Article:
With official cane payment arrears of mills in Uttar Pradesh (UP) crossing ₹8,000 crore – the actual figure may be a couple of thousand crores more – farmers here are in no mood to take up plantings for the next crushing season.

A cross-section of growers whom Business Line spoke to in Baghpat, Meerut, Muzaffarnagar, Shamli, Saharanpur and Bijnor – all in the western UP cane heartland – indicated they would plant 10-15 per cent less area relative to last year.

Cane plantings in UP happen during March-May, with harvesting taking place after about 11 months the following February-April. The same plant-cane also yields a ‘ratoon’, automatically sprouting from its root stubbles and ready for crushing after 9-10 months.

Lower plantings this time would, in other words, impact sugar output not only for 2014-15 (October-September) but also the season after that.

The basmati option “Last year, I planted cane in my entire 40 bighas (one acre is 4.75 bighas). This year, I am only doing 32 bighas, ” said Jitender Singh Hooda.

In the remaining eight bighas , this farmer from Kheri Bairagi village in Shamli tehsil has already undertaken nursery bed sowing of Pusa-1509, a new high-yielding short-duration basmati variety maturing within 90 days of transplanting.

“I can harvest this by mid-July and then go for a regular Pusa Basmati-1 crop for transplanting towards the month-end. I hope the experiment will succeed,” noted Hooda.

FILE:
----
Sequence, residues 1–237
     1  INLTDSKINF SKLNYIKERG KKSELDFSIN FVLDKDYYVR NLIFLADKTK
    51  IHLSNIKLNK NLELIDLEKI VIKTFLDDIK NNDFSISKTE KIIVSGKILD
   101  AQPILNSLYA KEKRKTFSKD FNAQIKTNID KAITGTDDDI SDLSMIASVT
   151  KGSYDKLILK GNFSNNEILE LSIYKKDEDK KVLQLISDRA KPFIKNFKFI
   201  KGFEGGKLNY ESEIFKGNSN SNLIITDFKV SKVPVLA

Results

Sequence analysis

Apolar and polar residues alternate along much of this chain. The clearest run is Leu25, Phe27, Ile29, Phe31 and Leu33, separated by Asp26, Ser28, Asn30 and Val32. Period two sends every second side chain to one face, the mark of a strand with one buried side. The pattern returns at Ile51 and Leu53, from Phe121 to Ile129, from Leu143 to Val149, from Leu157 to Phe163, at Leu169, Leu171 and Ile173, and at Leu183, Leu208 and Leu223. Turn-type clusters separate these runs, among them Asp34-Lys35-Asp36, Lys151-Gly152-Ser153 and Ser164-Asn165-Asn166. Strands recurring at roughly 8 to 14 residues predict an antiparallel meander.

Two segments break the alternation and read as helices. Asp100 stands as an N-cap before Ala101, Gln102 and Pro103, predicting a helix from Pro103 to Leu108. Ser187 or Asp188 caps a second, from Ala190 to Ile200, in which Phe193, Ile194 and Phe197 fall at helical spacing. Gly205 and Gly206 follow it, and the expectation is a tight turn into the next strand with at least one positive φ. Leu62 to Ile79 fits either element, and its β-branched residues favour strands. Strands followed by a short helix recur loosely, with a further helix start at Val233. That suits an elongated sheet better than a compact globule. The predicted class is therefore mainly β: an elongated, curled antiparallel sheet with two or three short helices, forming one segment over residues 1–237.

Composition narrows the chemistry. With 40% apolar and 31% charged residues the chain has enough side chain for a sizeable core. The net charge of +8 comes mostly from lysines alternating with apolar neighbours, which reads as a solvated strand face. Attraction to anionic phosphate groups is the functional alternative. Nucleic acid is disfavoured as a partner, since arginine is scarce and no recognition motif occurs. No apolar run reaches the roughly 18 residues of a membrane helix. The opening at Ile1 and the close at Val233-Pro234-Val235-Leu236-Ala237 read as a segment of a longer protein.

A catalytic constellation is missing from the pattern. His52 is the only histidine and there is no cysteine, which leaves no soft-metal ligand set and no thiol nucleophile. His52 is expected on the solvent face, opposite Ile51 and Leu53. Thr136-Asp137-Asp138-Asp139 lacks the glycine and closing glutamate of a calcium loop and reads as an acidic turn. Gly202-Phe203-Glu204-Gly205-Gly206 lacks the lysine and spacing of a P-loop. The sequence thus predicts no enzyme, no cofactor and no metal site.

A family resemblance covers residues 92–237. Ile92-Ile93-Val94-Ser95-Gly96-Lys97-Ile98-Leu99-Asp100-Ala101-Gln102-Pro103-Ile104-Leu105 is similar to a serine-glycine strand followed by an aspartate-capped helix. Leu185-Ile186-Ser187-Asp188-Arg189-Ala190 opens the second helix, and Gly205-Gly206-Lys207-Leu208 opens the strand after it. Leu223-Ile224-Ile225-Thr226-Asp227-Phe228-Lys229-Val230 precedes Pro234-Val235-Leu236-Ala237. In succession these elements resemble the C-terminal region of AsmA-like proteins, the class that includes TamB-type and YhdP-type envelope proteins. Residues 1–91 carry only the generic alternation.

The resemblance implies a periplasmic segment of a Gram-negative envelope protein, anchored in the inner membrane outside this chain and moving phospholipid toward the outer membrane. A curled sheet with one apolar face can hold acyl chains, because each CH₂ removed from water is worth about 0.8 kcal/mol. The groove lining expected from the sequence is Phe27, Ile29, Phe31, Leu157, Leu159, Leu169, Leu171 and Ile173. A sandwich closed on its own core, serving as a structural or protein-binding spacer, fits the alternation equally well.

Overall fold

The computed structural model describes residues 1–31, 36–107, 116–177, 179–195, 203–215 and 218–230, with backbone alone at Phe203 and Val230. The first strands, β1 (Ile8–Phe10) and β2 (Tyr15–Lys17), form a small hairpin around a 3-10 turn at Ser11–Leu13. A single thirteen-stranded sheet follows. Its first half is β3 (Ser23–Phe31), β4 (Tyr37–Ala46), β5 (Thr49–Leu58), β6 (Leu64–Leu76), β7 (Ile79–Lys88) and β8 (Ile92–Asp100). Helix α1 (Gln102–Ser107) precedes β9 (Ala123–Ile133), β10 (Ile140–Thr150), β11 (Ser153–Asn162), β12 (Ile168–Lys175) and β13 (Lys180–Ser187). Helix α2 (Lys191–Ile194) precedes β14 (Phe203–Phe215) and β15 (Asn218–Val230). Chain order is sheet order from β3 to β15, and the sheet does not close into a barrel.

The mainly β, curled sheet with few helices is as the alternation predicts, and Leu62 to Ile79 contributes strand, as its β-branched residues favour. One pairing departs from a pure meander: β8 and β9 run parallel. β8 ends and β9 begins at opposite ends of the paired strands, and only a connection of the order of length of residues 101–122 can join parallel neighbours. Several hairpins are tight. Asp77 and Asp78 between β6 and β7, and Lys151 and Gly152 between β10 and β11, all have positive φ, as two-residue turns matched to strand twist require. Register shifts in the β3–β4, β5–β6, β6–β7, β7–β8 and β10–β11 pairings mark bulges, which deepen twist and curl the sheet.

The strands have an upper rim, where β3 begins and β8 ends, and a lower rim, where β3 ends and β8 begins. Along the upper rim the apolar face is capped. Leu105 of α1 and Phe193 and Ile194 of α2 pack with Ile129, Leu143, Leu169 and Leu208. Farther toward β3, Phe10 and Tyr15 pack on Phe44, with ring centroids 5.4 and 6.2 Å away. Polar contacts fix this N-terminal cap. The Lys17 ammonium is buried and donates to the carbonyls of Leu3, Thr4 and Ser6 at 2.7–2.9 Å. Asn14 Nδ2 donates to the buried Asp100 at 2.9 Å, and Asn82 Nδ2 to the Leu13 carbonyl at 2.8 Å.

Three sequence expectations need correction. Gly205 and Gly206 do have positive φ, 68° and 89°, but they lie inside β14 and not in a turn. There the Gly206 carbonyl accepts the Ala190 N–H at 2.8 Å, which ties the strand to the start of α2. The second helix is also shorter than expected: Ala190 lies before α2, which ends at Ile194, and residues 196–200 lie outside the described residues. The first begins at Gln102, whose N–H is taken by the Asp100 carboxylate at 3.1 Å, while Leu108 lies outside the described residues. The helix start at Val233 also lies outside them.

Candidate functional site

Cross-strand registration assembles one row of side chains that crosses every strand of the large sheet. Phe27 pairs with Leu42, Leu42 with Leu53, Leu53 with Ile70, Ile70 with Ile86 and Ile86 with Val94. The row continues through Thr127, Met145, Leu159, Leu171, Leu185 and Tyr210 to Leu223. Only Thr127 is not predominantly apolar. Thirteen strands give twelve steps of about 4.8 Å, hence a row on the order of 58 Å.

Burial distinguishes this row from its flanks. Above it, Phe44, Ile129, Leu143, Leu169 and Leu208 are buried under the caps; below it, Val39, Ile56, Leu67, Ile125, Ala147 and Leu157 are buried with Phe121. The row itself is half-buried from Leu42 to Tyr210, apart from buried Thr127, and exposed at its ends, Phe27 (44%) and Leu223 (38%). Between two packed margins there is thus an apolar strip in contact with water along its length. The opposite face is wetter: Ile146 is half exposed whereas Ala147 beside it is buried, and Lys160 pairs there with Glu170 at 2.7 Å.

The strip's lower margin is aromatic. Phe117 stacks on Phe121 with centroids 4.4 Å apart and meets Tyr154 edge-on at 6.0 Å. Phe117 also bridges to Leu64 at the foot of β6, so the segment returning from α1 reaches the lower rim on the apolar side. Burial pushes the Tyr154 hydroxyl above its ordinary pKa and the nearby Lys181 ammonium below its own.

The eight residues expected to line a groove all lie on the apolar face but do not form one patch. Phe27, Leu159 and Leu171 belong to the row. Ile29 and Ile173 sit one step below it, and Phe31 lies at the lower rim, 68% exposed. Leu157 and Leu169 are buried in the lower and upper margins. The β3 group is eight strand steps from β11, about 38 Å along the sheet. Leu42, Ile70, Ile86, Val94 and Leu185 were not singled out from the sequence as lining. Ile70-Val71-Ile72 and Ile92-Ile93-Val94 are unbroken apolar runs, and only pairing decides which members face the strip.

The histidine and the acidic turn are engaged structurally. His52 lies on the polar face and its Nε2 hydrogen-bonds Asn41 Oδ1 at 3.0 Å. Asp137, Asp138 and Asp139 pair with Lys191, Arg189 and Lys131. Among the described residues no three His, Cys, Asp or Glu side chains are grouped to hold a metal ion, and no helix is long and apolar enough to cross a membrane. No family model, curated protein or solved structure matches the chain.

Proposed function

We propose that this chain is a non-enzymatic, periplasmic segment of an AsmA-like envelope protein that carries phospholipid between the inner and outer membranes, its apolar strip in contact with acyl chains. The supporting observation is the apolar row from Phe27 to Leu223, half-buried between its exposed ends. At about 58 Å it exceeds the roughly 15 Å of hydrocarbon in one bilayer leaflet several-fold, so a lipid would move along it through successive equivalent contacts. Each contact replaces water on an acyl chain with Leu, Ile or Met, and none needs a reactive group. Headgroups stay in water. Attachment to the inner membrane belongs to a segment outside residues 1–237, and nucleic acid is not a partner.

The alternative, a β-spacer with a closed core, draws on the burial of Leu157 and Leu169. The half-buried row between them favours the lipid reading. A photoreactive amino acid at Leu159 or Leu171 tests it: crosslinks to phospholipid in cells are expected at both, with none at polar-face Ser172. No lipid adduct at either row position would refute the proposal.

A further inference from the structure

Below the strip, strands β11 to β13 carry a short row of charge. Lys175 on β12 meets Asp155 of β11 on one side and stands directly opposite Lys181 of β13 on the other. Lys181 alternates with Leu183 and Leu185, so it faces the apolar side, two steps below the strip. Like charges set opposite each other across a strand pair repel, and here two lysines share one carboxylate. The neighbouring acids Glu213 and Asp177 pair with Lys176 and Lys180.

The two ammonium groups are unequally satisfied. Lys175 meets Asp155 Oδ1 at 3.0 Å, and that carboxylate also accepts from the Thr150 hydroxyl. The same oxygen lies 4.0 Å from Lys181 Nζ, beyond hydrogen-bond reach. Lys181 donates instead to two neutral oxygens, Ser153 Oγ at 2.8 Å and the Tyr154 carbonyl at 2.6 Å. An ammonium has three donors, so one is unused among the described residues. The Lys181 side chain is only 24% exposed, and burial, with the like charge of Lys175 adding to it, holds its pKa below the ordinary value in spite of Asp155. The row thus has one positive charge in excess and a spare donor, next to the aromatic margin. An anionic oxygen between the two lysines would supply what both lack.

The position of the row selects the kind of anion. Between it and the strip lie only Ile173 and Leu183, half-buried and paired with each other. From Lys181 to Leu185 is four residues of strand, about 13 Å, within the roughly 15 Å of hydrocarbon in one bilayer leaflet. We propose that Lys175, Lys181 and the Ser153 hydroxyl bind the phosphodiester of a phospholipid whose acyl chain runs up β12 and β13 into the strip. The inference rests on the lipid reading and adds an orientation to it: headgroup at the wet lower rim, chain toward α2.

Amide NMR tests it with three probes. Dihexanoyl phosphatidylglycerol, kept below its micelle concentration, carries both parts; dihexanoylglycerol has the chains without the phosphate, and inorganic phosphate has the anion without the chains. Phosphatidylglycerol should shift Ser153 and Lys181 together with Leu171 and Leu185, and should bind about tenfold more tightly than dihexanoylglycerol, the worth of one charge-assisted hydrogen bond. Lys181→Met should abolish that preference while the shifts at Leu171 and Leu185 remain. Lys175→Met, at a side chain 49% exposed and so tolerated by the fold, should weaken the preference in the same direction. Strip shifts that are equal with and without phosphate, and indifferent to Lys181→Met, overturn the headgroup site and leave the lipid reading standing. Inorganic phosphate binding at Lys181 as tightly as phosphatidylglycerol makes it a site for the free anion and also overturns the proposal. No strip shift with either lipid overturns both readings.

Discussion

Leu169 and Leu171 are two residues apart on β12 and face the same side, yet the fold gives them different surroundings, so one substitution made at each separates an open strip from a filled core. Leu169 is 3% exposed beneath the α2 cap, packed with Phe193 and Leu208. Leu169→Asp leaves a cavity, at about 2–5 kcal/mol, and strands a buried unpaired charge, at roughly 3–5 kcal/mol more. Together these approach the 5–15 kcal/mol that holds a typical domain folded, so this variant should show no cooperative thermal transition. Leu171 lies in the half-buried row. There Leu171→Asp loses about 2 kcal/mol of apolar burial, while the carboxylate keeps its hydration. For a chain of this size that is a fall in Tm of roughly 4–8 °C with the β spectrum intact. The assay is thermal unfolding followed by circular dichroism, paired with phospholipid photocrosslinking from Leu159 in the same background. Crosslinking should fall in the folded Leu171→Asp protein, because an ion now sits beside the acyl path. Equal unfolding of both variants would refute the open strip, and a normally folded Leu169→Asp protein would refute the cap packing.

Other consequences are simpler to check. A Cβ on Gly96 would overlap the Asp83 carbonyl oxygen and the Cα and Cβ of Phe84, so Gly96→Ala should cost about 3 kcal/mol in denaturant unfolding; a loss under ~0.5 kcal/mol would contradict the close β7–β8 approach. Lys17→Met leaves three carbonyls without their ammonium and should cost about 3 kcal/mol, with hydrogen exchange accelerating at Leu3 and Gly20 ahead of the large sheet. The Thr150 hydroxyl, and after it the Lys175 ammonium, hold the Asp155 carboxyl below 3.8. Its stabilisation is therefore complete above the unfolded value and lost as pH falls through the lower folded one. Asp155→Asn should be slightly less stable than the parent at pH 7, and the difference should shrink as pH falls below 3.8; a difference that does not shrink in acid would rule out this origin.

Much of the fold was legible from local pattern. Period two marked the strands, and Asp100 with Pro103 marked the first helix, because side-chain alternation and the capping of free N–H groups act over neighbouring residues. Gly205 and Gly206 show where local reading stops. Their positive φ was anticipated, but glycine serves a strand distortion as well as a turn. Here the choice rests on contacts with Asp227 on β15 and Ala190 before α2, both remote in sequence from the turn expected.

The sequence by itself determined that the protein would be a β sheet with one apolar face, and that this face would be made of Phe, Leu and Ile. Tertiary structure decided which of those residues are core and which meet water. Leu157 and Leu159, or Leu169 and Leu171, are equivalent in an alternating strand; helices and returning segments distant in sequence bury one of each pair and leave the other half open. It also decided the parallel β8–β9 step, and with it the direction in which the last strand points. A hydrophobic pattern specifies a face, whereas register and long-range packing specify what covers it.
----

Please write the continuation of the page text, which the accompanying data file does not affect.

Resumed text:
He isn’t the only one. “There is 25 per cent less cane planting in our area. Many of us are growing Saathi (a 60-day coarse rice) and Pusa-1121 basmati after that,” informed Vilayat Khan, who farms 30 bighas at Butrada village in the same tehsil.

Fodder and poplar Chhatrapal Singh, a 95- bigha farmer of Bahsuma in Meerut’s Mawana tehsil, reckoned cane acreage to be 20 per cent less this year.

“I have set aside 20 bighas to grow jowar (sorghum), makka (maize) and bajra (pearl-millet) only for fodder. I will follow this with Pusa Basmati,” he stated.

In Muzaffarnagar and Saharanpur, many farmers are also taking to planting of poplar trees that mature in five years and have a ready market in the plywood industry around this belt.

“This year, I have planted poplar in two out of my 10 bighas . If the situation in cane does not improve, I may go for another two bighas next year,” said Dharmender Kumar from Nagla Pithora in Muzaffarnagar.

Payment woes All this diversion is due to sugar mills owing huge cane payment arrears to farmers. UP factories have till now bought over ₹16,500 crore worth of cane, based on the State Advised Price (SAP) of ₹280 a quintal for the 2013-14 season.

As against this, they have made actual payments of about ₹5,500 crore, leaving outstandings of almost ₹11,000 crore, not counting the ₹213-crore dues of the previous season.

The cane arrears are lower if only the cane value based on the first instalment of ₹260/quintal is taken. The UP Government has allowed mills to pay this rate within 14 days of taking cane delivery and settle the balance ₹20 before the end of crushing operations by early-May.

“I got my last payment on May 5, 2013,” complained Satvir Singh Panwar, who jointly cultivates 200 bighas with his three brothers at Shabga in Baghpat’s Baraot tehsil and supplies to the UK Modi Group-owned Malakpur mill.

Panwar, however, admitted that replacing cane isn’t easy. “Cane fits into our crop cycle very well, as the tops yield fodder for our buffaloes between the time wheat is sown in December and harvested in April,” he explained.

Besides, western UP has a serious problem of nilgai (Asian antelope) and wild boar attacks, making raising other crops, especially pulses and vegetables, difficult.

“They will destroy these crops in minutes. Sugarcane is hardy, while being ola (hail), pala (frost), aag (fire), paani (water) and nilgai -proof. I don’t see cane area falling beyond 10 per cent even this time,” Panwar added.